More Bad News for Bill Cosby

Judge rejects his bid for a new trial, sentencing
By Newser Editors and Wire Services
Posted Oct 23, 2018 6:30 PM CDT
Updated Oct 24, 2018 6:55 AM CDT
More Bad News for Bill Cosby
In this Sept. 24, 2018, file photo, Bill Cosby departs after a sentencing hearing at the Montgomery County Courthouse in Norristown, Pa.   (AP Photo/Matt Slocum, File)

(Newser) – A judge on Tuesday rejected Bill Cosby's bid for a new trial or sentencing hearing, leading the comedian's wife, Camille, to again accuse the judge of bias against her husband. The ruling by the same judge that presided over Cosby's trial also led the entertainer's lawyers to file their appeal with the state Superior Court, the next step in trying to reverse his felony sex assault conviction, the AP reports. Cosby is serving a three- to 10-year state prison term after a jury this year found he drugged and molested Andrea Constand in 2004. Camille Cosby continued to issue searing attacks against Montgomery County Judge Steven O'Neill, as she has done since the first trial ended in a jury deadlock in June 2017. In the latest missive Tuesday, she again said he should have stepped down from the case because his wife has advocated for sex assault victims. O'Neill has heard the argument before and said his wife's work has no bearing on his legal rulings.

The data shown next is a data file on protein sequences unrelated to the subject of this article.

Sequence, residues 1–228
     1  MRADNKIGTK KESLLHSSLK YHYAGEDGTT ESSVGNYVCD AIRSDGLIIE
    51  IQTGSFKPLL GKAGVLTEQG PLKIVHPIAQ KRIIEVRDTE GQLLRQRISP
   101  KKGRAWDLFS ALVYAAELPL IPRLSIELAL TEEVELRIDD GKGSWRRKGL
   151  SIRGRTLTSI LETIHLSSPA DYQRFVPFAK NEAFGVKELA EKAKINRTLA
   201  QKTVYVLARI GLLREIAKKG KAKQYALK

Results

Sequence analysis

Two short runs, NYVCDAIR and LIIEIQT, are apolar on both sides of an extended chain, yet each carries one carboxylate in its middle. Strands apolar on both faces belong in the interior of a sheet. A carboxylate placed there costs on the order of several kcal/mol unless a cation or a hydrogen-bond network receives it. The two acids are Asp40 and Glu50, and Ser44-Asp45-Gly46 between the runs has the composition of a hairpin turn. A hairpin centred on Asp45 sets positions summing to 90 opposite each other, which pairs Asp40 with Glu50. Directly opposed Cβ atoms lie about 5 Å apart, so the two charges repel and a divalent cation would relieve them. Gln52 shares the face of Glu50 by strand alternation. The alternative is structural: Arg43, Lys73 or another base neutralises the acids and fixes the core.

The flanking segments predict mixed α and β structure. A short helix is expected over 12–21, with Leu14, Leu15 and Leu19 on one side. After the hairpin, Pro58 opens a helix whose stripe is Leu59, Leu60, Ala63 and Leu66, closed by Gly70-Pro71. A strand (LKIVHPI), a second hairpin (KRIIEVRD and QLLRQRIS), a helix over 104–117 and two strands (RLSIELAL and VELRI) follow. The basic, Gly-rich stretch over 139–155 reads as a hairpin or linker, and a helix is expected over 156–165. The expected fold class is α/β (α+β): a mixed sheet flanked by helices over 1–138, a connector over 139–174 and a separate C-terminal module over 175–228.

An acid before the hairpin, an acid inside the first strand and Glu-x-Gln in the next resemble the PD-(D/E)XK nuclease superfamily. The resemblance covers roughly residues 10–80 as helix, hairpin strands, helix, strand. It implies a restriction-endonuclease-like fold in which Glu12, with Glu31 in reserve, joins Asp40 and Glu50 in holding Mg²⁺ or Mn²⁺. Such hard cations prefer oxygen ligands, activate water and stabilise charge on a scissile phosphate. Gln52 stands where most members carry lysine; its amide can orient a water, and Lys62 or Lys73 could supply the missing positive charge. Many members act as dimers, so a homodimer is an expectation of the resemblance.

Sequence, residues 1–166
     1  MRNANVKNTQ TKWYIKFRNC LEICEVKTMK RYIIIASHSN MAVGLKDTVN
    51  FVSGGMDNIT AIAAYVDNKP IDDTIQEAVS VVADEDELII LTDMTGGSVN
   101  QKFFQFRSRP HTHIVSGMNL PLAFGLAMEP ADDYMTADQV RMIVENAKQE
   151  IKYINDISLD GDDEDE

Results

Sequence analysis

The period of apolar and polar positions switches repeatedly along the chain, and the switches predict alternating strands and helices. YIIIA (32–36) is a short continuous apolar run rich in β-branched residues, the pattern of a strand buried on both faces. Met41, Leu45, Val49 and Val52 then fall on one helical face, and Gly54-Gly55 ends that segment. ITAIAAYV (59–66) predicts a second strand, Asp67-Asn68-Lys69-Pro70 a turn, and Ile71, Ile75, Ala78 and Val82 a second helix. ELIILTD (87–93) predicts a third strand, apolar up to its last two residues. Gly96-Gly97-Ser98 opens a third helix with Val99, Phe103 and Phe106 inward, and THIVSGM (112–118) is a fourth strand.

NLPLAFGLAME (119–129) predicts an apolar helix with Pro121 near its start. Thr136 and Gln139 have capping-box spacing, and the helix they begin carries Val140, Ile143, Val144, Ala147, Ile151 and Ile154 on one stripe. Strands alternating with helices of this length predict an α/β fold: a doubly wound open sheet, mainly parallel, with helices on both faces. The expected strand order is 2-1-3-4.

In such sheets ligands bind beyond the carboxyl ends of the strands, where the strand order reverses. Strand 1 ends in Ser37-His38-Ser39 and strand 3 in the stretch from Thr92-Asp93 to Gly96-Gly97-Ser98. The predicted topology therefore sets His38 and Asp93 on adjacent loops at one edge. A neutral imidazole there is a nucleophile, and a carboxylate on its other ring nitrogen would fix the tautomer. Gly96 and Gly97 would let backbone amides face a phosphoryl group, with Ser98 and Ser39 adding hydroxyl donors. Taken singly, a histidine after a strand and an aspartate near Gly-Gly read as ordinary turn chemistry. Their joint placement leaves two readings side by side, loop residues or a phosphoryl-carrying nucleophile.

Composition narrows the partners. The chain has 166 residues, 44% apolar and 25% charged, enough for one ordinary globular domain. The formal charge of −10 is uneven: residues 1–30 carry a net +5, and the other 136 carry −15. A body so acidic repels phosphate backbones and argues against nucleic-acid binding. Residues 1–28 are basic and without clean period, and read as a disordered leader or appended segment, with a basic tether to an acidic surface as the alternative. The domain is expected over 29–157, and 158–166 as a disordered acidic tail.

The defense wants the legally blind, 81-year-old actor released on bail while he appeals over alleged trial errors. Cosby, in the meantime, is living in a single cell near the infirmary at the State Correctional Institution-Phoenix in suburban Philadelphia and has access to a day room, where he can watch television or eat meals, a state prisons spokeswoman said. For now, he is the only person using that day room, spokeswoman Amy Worden said. Several inmates are assigned to help him with daily living tasks as part of their prison jobs, she said. Cosby has also had several visitors. "He's a high-profile inmate. You want to make sure that they're safe and acclimated," Worden said. The defense also renewed attacks on the judge Tuesday, alleging O'Neill's ruling was influenced by a long-ago feud with a key pretrial witness as well as challenging his decisions to let five other accusers testify; let the jury hear portions of Cosby's damaging deposition in the accuser's related lawsuit; and declare Cosby a sexually violent predator. (More on that long-ago feud here.)

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